The program, aimed to launch by April 1, is being developed in conjunction with the U.S. Bankruptcy Court for the Southern District of Indiana and the IndyBar Pro Bono Standing Committee. Clients must qualify to participate in the program by completing a financial qualification page, which will be added to the court’s website. The court will then direct those who are overqualified for pro bono assistance to the IndyBar, where the debtor will be referred to a modest means panelist.

Although Chapter 7 clients referred through the program must still pay legal fees, participating attorneys agree to charge no more than $500 for the services provided to these debtors. There will be no grant, fund or subsidy that makes up the difference between the attorneys’ traditional rates and the rates charged through the Modest Means program. Participating attorneys should believe in the mission of the program and want to help. IndyBar membership is required for participation, but there is no additional fee to serve as a modest means panelist.

Ready to get started or want to learn more? Contact Caren Chopp at cchopp@indybar.org. We look forward to hearing from you!

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IndyBar Featured Program: The Indiana Appellate Institute

The IndyBar Appellate Practice Section created the Indiana Appellate Institute in 2010 as a resource for lawyers who have oral arguments scheduled before the Indiana Supreme Court or Indiana Court of Appeals. The Indiana Appellate Institute offers “moot” or practice argument sessions before panels of seasoned appellate advocates and others who have reviewed the briefs and will ask the sorts of questions an advocate can expect at the actual argument.

Many members who have used the Indiana Appellate Institute over the past few years have benefited from this service. Read on to learn about one member’s experience, and find out how the institute can help you prepare for your next case here.

By Andrew Teel, Haller & Colvin

The Indiana Appellate Institute should be considered a “must-do” for both the novice and experienced appellate practitioner alike preparing for oral argument. From the very beginning of the session it was clear that both Professor Schumm and the other members of the panel had immersed themselves in my client’s case; they were not only conversant in the issues that had been briefed, but suggested arguments and identified relevant case law beyond the briefs. The difference in my presentation from the beginning of the session to the end was night and day. My analysis was sharper, my arguments more focused and my preparation more comprehensive. Simply put, the Indiana Appellate Institute made me a more effective advocate for my client.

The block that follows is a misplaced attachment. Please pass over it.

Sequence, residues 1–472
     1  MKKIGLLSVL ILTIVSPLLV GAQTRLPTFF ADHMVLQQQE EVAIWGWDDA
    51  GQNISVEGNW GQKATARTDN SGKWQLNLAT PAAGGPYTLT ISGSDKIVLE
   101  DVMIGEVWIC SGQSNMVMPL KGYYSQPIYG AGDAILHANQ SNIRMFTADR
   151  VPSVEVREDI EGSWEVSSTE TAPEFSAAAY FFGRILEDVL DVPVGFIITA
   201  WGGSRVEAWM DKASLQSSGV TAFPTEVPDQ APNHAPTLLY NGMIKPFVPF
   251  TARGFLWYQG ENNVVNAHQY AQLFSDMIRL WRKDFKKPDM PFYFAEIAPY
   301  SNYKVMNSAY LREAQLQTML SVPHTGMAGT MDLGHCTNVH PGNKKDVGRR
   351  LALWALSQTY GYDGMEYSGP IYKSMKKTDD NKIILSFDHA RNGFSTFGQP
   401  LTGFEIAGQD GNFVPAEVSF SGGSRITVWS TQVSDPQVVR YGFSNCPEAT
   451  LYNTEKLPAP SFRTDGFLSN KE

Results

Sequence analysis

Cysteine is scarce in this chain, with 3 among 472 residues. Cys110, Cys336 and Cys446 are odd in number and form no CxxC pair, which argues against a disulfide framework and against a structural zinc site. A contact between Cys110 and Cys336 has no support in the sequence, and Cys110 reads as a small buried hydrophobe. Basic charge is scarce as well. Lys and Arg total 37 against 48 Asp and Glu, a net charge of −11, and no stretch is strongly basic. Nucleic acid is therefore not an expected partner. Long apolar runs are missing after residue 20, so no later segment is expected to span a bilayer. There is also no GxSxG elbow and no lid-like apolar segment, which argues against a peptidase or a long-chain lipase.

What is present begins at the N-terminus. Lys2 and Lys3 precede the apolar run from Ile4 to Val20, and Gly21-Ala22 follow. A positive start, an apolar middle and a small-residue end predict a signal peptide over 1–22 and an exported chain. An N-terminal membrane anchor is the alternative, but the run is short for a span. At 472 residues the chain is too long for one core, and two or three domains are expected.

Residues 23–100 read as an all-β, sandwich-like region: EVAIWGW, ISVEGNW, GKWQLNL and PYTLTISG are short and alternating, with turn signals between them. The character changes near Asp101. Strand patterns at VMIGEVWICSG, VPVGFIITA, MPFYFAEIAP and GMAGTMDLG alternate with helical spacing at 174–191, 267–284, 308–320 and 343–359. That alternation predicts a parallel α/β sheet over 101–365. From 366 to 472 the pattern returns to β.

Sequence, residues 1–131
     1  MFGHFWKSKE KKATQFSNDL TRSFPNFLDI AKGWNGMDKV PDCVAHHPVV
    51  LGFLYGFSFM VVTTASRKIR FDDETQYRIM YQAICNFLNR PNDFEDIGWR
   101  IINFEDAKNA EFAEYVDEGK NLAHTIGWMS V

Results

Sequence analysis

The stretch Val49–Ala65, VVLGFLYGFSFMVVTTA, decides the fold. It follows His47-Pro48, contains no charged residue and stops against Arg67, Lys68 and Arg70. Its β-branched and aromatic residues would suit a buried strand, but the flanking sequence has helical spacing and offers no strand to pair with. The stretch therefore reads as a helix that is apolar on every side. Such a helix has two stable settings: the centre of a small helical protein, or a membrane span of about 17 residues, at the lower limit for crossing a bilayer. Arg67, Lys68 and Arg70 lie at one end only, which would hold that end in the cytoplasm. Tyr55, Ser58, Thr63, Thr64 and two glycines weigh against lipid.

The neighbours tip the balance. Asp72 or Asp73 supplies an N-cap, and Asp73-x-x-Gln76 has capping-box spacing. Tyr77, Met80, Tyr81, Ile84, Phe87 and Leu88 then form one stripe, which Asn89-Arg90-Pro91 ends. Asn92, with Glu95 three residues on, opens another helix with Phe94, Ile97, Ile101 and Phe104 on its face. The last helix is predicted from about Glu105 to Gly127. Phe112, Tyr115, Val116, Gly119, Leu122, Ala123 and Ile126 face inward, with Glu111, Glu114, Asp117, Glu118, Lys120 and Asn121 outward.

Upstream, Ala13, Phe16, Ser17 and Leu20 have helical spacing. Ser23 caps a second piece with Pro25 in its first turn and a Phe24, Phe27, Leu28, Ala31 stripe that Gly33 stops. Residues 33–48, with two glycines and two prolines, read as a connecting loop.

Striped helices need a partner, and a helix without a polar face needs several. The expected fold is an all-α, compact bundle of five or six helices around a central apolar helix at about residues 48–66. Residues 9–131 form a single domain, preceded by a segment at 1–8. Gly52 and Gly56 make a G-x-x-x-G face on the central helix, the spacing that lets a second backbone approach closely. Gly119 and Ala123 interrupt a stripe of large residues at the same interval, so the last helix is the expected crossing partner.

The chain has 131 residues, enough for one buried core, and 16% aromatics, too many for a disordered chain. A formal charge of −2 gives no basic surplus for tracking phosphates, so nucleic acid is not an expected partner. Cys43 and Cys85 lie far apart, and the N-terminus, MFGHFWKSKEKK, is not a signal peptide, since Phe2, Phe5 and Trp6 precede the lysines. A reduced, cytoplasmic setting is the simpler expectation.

If you have used the Indiana Appellate Institute or another IndyBar resource and would like to submit a testimonial, please email Rachel Beachy at rbeachy@indybar.org.

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On Tap at the IndyBar: March 7 – 13

Everybody loves a local bar, so check out what yours is serving up this week with upcoming IndyBar events and happenings below!

On the Docket

Insurance 101: 10 Things Every Attorney Needs to Know About Insurance
Wed., March 9 from noon to 1 p.m.
Information and registration can be found here.

Breakfast with the Bar: Litigation
Thurs., March 10 from 8 to 9 a.m.
Information and registration can be found here.

Litigation Trial Skills Series: Case Investigation and Evaluation
Thurs., March 10 from noon to 1 p.m.
Information and registration can be found here.

MPRE Review Course
Thurs., March 10 from 3 to 6 p.m.
Information and registration can be found here.

Indy Attorneys Network Quarterly Coffee
Fri., March 11 from 8 to 9 a.m.
Information and registration can be found here.

Check out the full slate of IndyBar events here, and don’t forget to check out the IndyBar on Facebook for the latest event photos.

News You Can Use

  • Bill Watch Report for March 4 Available - Get the latest updates on pending legislation in the Bill Watch Report. This report breaks down bills of particular concern to IndyBar members by practice area and will be published weekly throughout the session.